Low-cost airline Ryanair has called upon the European Commission and Parliament to take action to prevent further disruption following the latest air traffic controller’s (ATC) decision to strike.
Ryanair’s head of marketing, Kenny Jacobs, stated, “It’s disgraceful that Europe’s consumers repeatedly have their travel plans disrupted or cancelled by the selfish actions of ATC unions, who use strikes as a first weapon rather than a last resort.”
The Irish-based carrier has launched a petition called “Keep Europe’s Skies Open,” allowing European travelers to take action against ATC unions who decide to strike. This follows the latest strike that occurred between 18:00 UTC and 05:00 UTC on Wednesday. The decision to walk out was made by unions representing five million French civil servants.
According to Ryanair, French ATC unions plan to strike for an extended period of time – their 40th strike since 2009 – which will impact hundreds of thousands of European consumers and throw their travel plans into chaos. Eurocontrol, the organization that runs Europe’s air traffic control had asked just short of a dozen french airports to reduce their normal schedules by 20% following the walk out. Air France says it planned to operate its entire long-haul schedule on Tuesday, but would only fly 80 percent of its normal short and medium-haul services.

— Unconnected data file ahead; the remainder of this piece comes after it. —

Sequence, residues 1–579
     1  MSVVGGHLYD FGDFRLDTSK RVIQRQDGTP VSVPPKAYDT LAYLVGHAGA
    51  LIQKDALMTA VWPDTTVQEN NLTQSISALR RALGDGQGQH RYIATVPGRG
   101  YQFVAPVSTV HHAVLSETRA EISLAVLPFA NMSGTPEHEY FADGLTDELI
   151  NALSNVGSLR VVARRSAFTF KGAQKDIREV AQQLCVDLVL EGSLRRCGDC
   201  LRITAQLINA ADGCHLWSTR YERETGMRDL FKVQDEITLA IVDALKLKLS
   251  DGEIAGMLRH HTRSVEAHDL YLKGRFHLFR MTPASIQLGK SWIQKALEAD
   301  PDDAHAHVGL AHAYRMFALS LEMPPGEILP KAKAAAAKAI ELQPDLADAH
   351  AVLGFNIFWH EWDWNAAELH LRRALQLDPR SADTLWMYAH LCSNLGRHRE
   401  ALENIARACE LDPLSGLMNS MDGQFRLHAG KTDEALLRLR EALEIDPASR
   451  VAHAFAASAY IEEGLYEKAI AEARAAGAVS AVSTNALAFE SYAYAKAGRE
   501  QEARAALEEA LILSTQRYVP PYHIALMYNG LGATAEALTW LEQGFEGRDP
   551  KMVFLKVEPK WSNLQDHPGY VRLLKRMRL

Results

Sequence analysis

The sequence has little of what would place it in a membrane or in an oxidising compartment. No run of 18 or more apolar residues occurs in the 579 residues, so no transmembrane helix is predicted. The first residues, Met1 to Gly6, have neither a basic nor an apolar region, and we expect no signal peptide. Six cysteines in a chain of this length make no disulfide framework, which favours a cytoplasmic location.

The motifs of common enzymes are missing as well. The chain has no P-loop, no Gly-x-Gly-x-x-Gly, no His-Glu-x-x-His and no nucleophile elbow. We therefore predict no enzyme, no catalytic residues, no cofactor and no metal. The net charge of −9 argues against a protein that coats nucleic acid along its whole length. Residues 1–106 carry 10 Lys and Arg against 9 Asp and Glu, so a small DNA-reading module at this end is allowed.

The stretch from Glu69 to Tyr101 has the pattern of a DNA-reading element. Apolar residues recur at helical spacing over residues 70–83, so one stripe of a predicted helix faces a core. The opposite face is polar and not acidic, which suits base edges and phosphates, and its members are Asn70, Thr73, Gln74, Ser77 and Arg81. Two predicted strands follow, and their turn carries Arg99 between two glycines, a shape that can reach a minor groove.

Ryanair’s petition outlines its fundamental objectives, which include:
- Removing the right to strike from Europe’s ATC unions, in the same way that Europe’s various police and military forces are not allowed to strike
- Allowing other European ATCs to manage flights over French airspace during ATC strikes, which would minimise cancellations and disruptions for Europe’s consumers who need to cross over French and Spanish airspace
According to the petition’s website, French air traffic control unions have staged 39 days of strike actions since 2009, effectively leading to the closure of skies over Europe and causing cancellations for millions of holiday and business travelers across Europe.
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